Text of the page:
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Dallas’ Effort to Consider an Interim City Manager Stumbles Out of the Gate

The mayor and his colleagues have different views on the process to consider a temporary replacement for T.C. Broadnax.
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ddi luncheon
Then-Downtown Dallas CEO Kourtny Garrett interviews City Manager T.C. Broadnax at the Sheraton Dallas hotel on October 28, 2021. Broadnax announced Wednesday that he would resign his post, effective June 3. Tim Rogers

This story was first published on 2/22. It was most recently updated on 2/23 at 10:30 a.m. to reflect an additional city council committee meeting.

In the wake of City Manager T.C. Broadnax’s resignation announcement, a new conflict has apparently arisen between Mayor Eric Johnson and some of the City Council.

Just hours after six Council members drafted a news release Wednesday announcing Broadnax’s impending departure, members Jaime Resendez, Jaynie Schultz, and Adam Bazaldua filed a three-person memo requesting a special-called briefing on February 27 to consider appointing Deputy City Manager Kim Tolbert as interim city manager. 

On Thursday afternoon, Johnson fired off his own memo, saying, in part, that it is “important for us to work together to create a successful transition and determine a path forward.”

In the memo, he placed the search process in the hands of the Ad Hoc Committee on Administrative Affairs and added council members Paul Ridley and Kathy Stewart to the committee. Until Thursday, the committee consisted of three people: Tennell Atkins, Cara Mendelsohn, and Jesse Moreno.

The mayor also said he would not attend the February 27 meeting, arguing there’s “no need or reason to rush this process.” Since Broadnax’s resignation isn’t effective until June 3, discussions about search processes and interim city managers, he wrote, can be added to upcoming agendas. The Council’s next regular meeting is February 28.

Since Dallas has a weak mayor system, Johnson has little control over whether the Council opts to consider an interim city manager at next week’s special-called meeting. Aside from a handful of administrative duties and presiding over meetings and briefings, his powers are those of a 15th, at-large council member.

The agenda for February 27’s special-called meeting was posted late Thursday evening. The first order of business is a discussion about Broadnax’s resignation and a resolution to appoint Tolbert as interim city manager on his last day, June 3. The body will then discuss the search process for Broadnax’s permanent replacement.

Shortly after that agenda was posted, a meeting was scheduled for the now-expanded Ad Hoc Committee on Administrative Affairs.  The agenda for that meeting, which will be held on Monday, is roughly what Johnson outlined as the committee’s duties in his memo.

Should the mayor not attend the special called meeting next Tuesday, the City Council will have the opportunity to name an interim without the mayor present. If there is no consensus for Tolbert, they could move to defer the vote or table the matter.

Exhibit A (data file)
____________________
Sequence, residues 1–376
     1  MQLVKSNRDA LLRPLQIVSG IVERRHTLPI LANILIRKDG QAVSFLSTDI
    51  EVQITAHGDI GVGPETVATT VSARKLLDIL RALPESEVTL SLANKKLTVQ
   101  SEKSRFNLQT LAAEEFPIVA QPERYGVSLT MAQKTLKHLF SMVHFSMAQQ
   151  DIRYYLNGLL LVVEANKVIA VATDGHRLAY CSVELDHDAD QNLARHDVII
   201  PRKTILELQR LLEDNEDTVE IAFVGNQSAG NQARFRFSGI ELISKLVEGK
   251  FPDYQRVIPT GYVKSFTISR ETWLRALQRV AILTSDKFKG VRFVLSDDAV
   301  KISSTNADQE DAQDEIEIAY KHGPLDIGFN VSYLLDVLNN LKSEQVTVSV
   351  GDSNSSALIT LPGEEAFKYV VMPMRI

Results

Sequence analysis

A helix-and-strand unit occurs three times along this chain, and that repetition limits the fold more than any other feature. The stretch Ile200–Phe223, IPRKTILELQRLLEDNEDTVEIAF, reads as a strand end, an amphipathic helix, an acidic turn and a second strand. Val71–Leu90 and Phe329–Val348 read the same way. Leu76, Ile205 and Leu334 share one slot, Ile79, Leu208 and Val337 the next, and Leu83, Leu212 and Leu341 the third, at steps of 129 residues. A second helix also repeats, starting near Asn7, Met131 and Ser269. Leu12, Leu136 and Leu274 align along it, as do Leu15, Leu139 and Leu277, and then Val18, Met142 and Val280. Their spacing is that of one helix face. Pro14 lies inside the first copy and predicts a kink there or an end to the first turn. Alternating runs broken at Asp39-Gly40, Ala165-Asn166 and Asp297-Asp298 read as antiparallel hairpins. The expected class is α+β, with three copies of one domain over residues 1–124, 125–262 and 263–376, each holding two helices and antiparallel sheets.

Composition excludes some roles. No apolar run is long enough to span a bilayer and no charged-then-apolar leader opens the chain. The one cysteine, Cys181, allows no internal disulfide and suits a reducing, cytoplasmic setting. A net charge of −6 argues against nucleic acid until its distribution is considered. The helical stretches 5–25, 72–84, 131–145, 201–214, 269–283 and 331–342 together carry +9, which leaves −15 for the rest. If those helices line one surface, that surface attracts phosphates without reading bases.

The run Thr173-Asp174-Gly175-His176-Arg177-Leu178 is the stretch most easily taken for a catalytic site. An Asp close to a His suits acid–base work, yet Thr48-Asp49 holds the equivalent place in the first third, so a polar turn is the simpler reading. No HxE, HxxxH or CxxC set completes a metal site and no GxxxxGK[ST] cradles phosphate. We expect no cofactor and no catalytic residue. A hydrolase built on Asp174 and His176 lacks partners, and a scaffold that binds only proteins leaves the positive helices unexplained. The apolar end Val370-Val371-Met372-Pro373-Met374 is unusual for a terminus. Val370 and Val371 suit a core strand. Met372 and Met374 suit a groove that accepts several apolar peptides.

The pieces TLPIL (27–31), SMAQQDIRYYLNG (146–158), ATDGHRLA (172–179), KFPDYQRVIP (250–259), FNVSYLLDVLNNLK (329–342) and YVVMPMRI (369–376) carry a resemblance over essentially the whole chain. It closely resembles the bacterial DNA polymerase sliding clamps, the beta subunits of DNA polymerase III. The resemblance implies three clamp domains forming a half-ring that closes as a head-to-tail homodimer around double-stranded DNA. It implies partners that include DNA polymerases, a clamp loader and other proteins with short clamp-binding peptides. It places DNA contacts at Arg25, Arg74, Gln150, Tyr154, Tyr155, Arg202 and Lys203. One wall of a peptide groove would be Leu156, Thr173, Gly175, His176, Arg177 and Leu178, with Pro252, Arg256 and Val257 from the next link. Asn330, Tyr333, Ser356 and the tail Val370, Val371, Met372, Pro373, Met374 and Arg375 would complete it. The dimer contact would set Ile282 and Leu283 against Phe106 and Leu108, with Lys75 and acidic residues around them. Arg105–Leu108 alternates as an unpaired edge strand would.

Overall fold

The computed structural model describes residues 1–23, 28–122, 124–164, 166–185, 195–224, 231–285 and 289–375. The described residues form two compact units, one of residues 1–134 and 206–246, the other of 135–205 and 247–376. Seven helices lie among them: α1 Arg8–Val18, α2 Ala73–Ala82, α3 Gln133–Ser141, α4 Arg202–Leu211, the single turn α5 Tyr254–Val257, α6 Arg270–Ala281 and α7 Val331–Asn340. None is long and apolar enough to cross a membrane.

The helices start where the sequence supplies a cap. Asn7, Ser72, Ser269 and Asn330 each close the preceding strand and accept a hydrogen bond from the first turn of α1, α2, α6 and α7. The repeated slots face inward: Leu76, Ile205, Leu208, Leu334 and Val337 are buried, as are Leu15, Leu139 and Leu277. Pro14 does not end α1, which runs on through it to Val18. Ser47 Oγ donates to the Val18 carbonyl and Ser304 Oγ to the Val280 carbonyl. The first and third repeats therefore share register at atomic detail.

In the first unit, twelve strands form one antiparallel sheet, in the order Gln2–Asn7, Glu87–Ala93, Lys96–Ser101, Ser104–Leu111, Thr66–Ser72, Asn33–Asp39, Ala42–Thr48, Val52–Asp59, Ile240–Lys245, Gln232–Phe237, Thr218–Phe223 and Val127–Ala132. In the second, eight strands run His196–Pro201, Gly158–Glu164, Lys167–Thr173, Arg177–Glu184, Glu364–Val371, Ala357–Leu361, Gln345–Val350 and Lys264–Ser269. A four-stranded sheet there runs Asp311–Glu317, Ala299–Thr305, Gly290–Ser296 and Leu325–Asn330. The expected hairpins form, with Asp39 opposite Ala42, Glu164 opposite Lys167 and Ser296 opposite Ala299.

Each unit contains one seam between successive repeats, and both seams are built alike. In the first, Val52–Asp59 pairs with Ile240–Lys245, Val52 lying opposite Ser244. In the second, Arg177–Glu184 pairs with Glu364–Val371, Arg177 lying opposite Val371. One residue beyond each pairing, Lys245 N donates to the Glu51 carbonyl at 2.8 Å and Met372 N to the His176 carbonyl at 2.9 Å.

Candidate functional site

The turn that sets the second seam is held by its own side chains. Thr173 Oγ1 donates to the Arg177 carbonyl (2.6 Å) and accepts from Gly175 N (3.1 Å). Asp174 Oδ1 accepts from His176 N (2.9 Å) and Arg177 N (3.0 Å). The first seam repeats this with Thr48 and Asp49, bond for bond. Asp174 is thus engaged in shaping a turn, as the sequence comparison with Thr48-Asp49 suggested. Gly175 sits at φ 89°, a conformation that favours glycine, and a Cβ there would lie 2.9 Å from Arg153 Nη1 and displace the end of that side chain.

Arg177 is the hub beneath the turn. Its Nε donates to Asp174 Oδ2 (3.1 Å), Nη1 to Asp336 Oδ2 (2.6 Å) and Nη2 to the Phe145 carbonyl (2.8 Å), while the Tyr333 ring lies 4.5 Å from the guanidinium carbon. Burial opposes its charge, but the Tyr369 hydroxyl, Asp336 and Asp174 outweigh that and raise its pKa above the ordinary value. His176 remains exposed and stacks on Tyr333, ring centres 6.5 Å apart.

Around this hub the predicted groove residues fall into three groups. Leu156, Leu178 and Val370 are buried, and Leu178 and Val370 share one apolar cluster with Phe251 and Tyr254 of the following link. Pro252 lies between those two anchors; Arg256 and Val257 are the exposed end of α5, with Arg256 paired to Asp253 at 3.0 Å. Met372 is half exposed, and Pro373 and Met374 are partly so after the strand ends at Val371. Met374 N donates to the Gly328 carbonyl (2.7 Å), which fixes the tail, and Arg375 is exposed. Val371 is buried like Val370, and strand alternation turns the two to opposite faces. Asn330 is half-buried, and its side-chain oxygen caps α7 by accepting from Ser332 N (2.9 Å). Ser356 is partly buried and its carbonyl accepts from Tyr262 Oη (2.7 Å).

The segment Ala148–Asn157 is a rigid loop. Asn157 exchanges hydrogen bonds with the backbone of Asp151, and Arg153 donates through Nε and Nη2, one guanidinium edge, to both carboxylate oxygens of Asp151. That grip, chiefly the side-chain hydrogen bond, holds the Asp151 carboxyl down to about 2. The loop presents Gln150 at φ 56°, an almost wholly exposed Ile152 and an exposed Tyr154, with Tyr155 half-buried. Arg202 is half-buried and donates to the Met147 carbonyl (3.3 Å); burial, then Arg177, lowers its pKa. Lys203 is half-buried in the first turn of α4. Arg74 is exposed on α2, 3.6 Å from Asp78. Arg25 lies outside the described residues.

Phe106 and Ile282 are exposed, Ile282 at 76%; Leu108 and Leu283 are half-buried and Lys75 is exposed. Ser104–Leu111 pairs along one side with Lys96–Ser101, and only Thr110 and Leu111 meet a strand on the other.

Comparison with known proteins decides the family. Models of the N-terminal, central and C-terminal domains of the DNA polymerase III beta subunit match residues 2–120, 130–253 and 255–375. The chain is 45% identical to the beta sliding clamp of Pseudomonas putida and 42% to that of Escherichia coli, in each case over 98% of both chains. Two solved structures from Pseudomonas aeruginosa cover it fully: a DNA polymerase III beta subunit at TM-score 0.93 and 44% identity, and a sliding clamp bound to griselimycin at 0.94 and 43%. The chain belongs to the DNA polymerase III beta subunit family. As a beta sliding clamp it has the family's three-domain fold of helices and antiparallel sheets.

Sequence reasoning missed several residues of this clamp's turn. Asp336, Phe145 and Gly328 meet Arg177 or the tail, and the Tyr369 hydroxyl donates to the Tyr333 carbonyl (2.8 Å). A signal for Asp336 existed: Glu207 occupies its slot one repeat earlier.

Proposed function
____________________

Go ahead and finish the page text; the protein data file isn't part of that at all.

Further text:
Dallas is not the only Texas city on the hunt for a city manager, either. Austin and El Paso began their searches last year, and Austin recently extended the deadline to apply for the job. Dallas is the largest city in the state to embark on a city manager search.

The mayor is familiar with missing important votes. But at least a handful of his colleagues cited a poor working dynamic between Johnson and Broadnax as part of the impetus for the latter’s resignation. Now, there appears to be more confusion around who will lead the search for a replacement and how that will play out. Once again, as is reportedly par for the course regarding the interactions between Broadnax and Johnson, much of the conflicting communication is happening between memos.

Last night, Schultz indicated that the Council did not intend to rush anything. She called the search for Broadnax’s replacement “such an important and serious endeavor.” She said the discord between the mayor and Broadnax might not improve with someone else in the seat, but there were still good reasons that the job would attract many candidates.

“There’s never one reason that somebody at this caliber and this place in their career would leave, right? It’s myriad reasons,” she said. “Which means it’s going to be the same element for the next person that we hire. There will be myriad things that attract them, and if there are huge challenges with the mayor, at that point, you’re at two years.”

She said the city’s next chief executive will wait out the mayor, whose final term will be complete in 2027.  “We’re not going to hire someone who’s going to be there for only three years, or two years really, by the time they get hired. It’s a long process.”

The Ad Hoc Committee on Administrative Affairs will meet at 9 a.m. on February 26. The full Council will meet at 1 p.m. on February 27 and again at 9 a.m. on February 28. 

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Bethany Erickson

Bethany Erickson

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Bethany Erickson is the senior digital editor for D Magazine. She's written about real estate, education policy, the stock market, and crime throughout her career, and sometimes all at the same time. She hates lima beans and 5 a.m. and takes SAT practice tests for fun.

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